Certainly, this requires a Standard three review as a bare minimum and Ideally a retrospective appraisal based upon the same effective date with the same purpose, intended use, intended user and SAME statement of limitation and certifications page.

This reminds me of a report I did about fivel years ago for a purchase. Two years later they divorced and the hubby had to pay cash to the wifey in the settlement. Needless to say his new appraisal came in barely above the original sale price and hubby after cost to sell did not owe the wifey anything. All hell broke loose over that one. You see it turned out that these two fought and had really tore up the house. Physical condition was deplorable.

Get a restrospective appraisal or a review and compare apples to apples.
 

C. Gailor

Freshman Member
Joined
Jun 13, 2003
Thanks to all of you who replied on my question. You make it sound like the reference to "fair market value" which is the standard used in our statute regarding valuation and distribution of property may be outdated although business appraisers still use FMV. Your suggestions are very helpful and I will follow through. This is a great forum by the way with an amazing degree of participation. :yellowblack:
 
Joined
Jan 13, 2002
Professional Status
Retired Appraiser
State
Florida
Thank you! Please do ask more questions here as more come up. You have a very interesting case that many of us here would like to know more about as it happens.
 

Fred

Elite Member
Joined
Jan 15, 2002
Professional Status
Retired Appraiser
State
Virgin Islands
G Gailor
The chances are close to 100% that the differences in value in the two reports is caused by differences in appraisal 'logic,' not caused because the two appraisers sought to estimate two distinct economic quantities (ie, different "purpose"). FMV and Market Value are pretty much synonomous terms along with many other variations. Check your Black's Law Dictionary and you find Actual Value and many others. Many state jurisidictions (and the feds) use the the term FMV, which is the older synonym and remains on the books. Also, the nine-month date difference is unlikely to account for the difference.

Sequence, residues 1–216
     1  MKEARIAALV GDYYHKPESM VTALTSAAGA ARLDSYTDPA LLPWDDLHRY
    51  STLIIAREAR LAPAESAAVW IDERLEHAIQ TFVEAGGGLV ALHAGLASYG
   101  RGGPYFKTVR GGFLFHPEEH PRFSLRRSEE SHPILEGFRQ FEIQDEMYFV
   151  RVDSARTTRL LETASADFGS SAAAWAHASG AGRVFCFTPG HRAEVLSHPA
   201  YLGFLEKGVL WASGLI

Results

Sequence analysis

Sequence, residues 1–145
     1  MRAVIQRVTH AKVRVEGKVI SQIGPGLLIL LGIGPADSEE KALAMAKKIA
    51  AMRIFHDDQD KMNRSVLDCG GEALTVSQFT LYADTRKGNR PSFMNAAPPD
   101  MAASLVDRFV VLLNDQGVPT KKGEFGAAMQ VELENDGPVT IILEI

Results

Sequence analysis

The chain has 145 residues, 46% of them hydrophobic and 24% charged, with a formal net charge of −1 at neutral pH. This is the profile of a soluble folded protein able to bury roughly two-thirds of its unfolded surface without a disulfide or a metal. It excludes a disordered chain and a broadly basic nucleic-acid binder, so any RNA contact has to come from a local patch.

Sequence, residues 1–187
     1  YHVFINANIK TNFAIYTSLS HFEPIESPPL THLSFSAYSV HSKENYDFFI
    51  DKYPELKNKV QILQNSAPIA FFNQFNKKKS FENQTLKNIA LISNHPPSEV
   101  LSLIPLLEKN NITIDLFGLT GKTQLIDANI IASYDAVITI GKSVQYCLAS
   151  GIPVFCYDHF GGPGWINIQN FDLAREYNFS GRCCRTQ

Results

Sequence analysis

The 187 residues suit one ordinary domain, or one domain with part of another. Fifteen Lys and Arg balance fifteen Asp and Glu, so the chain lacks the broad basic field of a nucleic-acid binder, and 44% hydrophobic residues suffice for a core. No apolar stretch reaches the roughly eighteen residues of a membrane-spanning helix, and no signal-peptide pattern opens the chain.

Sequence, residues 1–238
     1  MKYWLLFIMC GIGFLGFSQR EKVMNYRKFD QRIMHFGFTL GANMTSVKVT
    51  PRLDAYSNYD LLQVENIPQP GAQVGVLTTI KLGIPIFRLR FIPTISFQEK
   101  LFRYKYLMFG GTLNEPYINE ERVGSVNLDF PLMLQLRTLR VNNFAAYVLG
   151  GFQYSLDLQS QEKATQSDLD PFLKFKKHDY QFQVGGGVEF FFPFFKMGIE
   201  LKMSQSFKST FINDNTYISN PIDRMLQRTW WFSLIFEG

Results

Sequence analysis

There is some confusion in the thread and elsewhere about the 'subtle' differences between "purpose" and "intended use" (formerly called "function"). Purpose is now construed as the definition of value, but in my view does not make sense if it is not also used to indetify subject property and the date - as in, 'the pupose of this appraisal is to find the FMV of Property X as of Date Y.' The "intended use" is the reason the client and others need the appraisal. So 'mortgage finnance' decisions would be a reason why someone would want an appraisal, an intended use, even though many erroneously say 'mortgate purposes.'

The appraisal process is just another application of common sense. The decision tree starts with finding out why the client needs the appraisal (intended use) and that leads the appraiser to ask/know what property, date and definition of value (purpose) and that leads the appraiser to know how much and what kind of research and analysis to do (scope of work performed). As long as two appraisers are appraising the same subject, as of the same date, by the same/similar definition of value (same purpose), they should reach the same/similar results - regardless of the intended use. The exception to that is when the intended use would reasonably justify a limited/quickie scope of work. In that case, the differences in research and analysis performed could cause a significant, but legitimate. difference in results.

FWIW, Counselor, you do not sound very prepared to fight the battle of the expert witnesses. I never send my lawyer-client-gladiators into the arena without an adequate arsenal.